• Radical changes in some artmaking practice was a
result of this scrutiny of the gallery system.
• From this time on museums have become
increasingly democratic, self aware and open to
Artists started the make
artworks that deliberately
challenged and rejected the
gallery system such as
performance art and earth art.
Bleeding Trees (1979)
Southern Cross –
To Bear and Behold
Other art outside of the Gallery
Art made for the
Captain Cook (1874-9)
By Thomas Woolner (1825-92)
Bronze Height 3m
Hyde Park, Sydney
Commissioned by the
Cook at the moment
When it was unveiled
in Sydney there were
between 90,000 and
Sydney War Memorial
Designed by C. Bruce Dellit (1934) in the
Art Deco style
Sculptures by Raynor Hoff
This was the main commemorative military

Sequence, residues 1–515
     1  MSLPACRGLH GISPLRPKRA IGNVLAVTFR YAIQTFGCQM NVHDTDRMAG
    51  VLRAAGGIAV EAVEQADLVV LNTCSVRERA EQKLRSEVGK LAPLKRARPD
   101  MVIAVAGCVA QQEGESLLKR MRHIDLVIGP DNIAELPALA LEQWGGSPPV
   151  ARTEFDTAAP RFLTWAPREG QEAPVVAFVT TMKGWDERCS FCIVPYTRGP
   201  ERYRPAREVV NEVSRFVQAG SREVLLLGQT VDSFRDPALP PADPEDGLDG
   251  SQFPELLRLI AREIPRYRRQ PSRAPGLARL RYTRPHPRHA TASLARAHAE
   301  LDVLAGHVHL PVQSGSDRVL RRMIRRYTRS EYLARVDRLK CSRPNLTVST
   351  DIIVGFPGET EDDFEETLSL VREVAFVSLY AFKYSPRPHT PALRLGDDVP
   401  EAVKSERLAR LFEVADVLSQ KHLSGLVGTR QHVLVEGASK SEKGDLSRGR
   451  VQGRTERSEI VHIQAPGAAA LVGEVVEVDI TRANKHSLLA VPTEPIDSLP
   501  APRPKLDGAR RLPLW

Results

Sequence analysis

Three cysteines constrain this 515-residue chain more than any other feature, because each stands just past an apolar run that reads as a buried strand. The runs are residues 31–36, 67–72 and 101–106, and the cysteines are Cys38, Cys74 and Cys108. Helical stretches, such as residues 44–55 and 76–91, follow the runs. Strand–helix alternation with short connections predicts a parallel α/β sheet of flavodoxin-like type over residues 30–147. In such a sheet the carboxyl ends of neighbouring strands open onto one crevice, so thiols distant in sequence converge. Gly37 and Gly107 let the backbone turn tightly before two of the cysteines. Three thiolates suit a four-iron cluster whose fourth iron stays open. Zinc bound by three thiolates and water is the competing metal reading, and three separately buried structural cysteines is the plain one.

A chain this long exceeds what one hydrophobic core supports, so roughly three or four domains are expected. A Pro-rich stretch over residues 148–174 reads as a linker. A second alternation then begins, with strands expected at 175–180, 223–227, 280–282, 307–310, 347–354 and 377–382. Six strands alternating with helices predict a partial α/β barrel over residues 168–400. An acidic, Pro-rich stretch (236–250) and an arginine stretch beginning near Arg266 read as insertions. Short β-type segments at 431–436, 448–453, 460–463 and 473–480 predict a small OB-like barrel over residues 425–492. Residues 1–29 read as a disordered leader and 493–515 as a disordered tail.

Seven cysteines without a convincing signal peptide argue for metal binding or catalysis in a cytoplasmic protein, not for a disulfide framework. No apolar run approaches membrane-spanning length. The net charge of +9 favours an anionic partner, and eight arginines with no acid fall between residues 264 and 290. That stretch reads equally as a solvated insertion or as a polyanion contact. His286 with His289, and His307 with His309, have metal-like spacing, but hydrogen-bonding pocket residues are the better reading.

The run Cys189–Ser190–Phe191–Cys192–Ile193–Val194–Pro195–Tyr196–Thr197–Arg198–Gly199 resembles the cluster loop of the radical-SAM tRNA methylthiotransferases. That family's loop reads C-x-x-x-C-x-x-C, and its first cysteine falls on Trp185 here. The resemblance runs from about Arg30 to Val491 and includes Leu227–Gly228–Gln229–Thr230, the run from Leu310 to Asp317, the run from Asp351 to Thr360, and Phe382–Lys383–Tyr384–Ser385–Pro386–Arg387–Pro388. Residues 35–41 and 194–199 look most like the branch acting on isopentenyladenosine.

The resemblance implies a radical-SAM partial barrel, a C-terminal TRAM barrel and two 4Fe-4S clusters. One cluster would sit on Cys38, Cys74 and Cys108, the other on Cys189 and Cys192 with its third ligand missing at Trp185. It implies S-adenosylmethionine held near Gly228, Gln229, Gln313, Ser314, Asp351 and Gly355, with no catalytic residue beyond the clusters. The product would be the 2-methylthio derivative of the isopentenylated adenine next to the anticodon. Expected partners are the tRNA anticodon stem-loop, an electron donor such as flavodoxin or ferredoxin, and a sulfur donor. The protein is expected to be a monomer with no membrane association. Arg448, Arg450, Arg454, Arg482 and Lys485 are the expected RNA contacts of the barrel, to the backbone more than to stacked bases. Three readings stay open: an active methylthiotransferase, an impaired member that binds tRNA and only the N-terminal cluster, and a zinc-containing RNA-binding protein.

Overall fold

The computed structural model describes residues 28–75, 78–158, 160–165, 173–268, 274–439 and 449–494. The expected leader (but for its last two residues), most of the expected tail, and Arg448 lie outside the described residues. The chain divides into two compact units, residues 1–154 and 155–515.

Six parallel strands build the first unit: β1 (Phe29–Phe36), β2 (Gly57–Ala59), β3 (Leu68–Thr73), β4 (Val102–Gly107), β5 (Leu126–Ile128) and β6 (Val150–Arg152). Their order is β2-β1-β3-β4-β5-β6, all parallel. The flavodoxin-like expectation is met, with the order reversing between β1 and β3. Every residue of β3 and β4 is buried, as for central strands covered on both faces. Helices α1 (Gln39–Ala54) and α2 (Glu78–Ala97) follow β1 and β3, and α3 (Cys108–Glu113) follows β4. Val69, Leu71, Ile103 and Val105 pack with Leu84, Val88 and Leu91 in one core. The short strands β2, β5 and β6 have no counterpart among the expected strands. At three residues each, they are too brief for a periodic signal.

monument in Sydney of WWI.
The Archibald Fountain Sculptor – Francois Sicard (French)
Bequethed by Jules Francois Archibald to commemorate Australia’s association with
France during WWI. (Apollo (at the top) is the Greek god of healing and prophecy
Other art outside of the Gallery
Tilted Arc (1981)
by Richard Serra
Commissioned as part of the Art
in-Architecture programme in
Installed in 1981 and removed in
1989 after much public debate.
• Serra said about his intention for the
sculpture, "The viewer becomes aware of
himself and of his movement through the
plaza. As he moves, the sculpture changes.
Contraction and expansion of the sculpture
result from the viewer's movement. Step by